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Trafficking Victims Are Waiting Years To Get 'U Visas'

The U visa was created as part of the Victims of Trafficking and Violence Prevention Act of 2000. It was intended to help law enforcement investigate what the government calls "serious crimes," such as domestic violence, torture and trafficking. Most applicants have been waiting years for it, NPR reports. NPR spoke to 17 U visa applicants, each of whom have been waiting for two to seven years for their visas. They describe a program whose years-long delays put them in immigration limbo, spending months helping law enforcement catch their perpetrators while trying to survive without the means to work legally. The goal was to be able to hold the crime offenders accountable and at the same time offer help and protection to the victims," said Leslye Orloff, one of the program's drafters in 2000. "It absolutely was not intended to take that much time."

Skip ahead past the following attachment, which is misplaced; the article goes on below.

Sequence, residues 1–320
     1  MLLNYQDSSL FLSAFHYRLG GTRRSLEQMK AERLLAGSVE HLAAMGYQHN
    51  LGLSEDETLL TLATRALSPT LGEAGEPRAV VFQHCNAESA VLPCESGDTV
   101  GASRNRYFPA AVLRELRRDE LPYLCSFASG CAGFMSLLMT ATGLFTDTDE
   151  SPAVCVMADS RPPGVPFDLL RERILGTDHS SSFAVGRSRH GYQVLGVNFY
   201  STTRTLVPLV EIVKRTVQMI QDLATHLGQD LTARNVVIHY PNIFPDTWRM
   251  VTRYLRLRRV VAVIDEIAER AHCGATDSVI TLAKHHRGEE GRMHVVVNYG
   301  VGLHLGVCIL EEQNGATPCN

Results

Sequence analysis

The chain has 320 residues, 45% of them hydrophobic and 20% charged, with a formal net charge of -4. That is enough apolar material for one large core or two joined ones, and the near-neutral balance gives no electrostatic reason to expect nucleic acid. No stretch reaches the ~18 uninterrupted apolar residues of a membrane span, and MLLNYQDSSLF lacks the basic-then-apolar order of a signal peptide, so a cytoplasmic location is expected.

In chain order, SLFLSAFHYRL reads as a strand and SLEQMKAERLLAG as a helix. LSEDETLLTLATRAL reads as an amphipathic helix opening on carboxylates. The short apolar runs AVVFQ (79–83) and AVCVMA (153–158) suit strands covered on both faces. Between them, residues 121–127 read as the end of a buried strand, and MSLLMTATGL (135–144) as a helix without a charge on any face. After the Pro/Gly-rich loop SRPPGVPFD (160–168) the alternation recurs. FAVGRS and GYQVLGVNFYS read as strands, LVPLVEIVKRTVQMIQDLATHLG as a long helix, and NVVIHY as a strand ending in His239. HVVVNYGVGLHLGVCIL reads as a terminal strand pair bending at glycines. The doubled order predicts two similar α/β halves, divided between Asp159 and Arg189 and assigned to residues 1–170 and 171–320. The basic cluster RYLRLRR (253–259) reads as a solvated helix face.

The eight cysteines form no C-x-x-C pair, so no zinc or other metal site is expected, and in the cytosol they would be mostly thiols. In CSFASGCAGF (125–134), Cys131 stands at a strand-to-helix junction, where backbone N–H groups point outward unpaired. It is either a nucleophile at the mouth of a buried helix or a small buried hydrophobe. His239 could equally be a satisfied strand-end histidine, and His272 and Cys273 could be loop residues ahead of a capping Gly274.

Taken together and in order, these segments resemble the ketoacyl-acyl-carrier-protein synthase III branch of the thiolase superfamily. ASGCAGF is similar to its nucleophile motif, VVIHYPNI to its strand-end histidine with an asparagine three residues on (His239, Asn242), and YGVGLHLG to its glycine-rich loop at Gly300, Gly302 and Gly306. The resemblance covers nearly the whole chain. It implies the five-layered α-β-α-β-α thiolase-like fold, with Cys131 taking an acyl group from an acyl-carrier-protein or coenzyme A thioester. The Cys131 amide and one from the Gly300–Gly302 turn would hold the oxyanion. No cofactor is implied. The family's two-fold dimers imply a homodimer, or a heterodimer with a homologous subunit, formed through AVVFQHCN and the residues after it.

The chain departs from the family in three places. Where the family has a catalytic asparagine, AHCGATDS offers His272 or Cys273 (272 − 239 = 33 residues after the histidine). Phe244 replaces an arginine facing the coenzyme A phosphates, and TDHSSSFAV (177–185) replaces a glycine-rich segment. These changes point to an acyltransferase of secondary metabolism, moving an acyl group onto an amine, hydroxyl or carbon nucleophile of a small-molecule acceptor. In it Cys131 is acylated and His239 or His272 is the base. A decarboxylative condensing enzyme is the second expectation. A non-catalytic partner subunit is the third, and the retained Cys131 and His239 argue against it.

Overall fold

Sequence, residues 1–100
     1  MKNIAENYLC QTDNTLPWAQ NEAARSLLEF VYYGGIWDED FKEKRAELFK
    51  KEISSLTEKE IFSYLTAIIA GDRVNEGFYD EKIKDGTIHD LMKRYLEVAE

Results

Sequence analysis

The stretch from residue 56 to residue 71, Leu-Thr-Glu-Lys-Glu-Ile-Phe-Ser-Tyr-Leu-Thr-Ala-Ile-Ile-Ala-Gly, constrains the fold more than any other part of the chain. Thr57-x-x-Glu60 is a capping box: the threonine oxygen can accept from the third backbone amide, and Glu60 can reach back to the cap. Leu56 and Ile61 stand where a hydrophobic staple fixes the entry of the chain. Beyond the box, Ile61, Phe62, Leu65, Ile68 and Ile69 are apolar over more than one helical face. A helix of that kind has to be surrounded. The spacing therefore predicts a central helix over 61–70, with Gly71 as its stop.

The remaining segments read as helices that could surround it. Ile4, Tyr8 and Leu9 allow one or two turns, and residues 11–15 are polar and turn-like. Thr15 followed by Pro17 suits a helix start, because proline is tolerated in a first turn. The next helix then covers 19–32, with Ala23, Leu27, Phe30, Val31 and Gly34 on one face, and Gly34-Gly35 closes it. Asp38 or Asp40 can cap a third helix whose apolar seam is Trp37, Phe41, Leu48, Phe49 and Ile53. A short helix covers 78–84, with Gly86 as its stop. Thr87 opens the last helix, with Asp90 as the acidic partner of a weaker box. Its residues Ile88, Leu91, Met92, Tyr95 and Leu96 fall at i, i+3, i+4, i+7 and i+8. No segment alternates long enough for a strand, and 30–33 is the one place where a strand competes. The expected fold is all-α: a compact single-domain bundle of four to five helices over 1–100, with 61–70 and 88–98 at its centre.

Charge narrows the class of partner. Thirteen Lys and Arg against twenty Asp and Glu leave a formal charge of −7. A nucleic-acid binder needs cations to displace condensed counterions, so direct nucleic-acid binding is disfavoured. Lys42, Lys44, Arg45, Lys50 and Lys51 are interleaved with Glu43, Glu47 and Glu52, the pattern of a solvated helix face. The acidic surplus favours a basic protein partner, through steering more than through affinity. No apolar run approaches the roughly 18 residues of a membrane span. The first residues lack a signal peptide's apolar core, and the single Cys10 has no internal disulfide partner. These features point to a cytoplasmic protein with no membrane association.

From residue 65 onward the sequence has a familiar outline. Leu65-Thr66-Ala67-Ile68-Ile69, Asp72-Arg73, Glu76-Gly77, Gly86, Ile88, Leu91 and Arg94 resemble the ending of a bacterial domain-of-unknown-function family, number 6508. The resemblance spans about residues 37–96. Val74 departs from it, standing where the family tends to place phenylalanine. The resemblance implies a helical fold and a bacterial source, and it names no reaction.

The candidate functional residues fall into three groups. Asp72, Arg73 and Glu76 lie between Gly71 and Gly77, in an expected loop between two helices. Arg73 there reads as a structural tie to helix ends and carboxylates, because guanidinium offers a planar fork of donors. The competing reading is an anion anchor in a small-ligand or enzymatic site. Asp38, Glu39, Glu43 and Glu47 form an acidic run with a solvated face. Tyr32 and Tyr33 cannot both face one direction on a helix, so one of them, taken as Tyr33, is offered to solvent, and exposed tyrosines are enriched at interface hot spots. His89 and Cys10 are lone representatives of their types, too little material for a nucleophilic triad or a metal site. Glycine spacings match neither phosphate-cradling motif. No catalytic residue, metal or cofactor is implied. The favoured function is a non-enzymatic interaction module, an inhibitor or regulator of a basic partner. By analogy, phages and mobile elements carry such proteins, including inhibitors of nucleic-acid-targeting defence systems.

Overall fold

The U Visa is meant to encourage more reporting of crime in undocumented immigrant communities, enhancing law enforcement and immigrant relationships and offering protection to victims. The law set an annual cap of 10,000 visas. Orloff says this visa is a two-way street. Applicants only become eligible for the visa if certifying agencies — like law enforcement — deem them fully cooperative in helping to catch their perpetrator. However, there are no standards defining what being fully cooperative means. According to a report published by the University of North Carolina School of Law, access to the U visa depended on where the crime occurred. Certification policies were different depending on the state, city and county, varying from denying all petitions to only certifying if the perpetrator was caught. There's a large backlog of cases waiting to be reviewed. U.S. Citizenship and Immigration Services, which oversees the program, says more than 300,000 U visa applications are pending.


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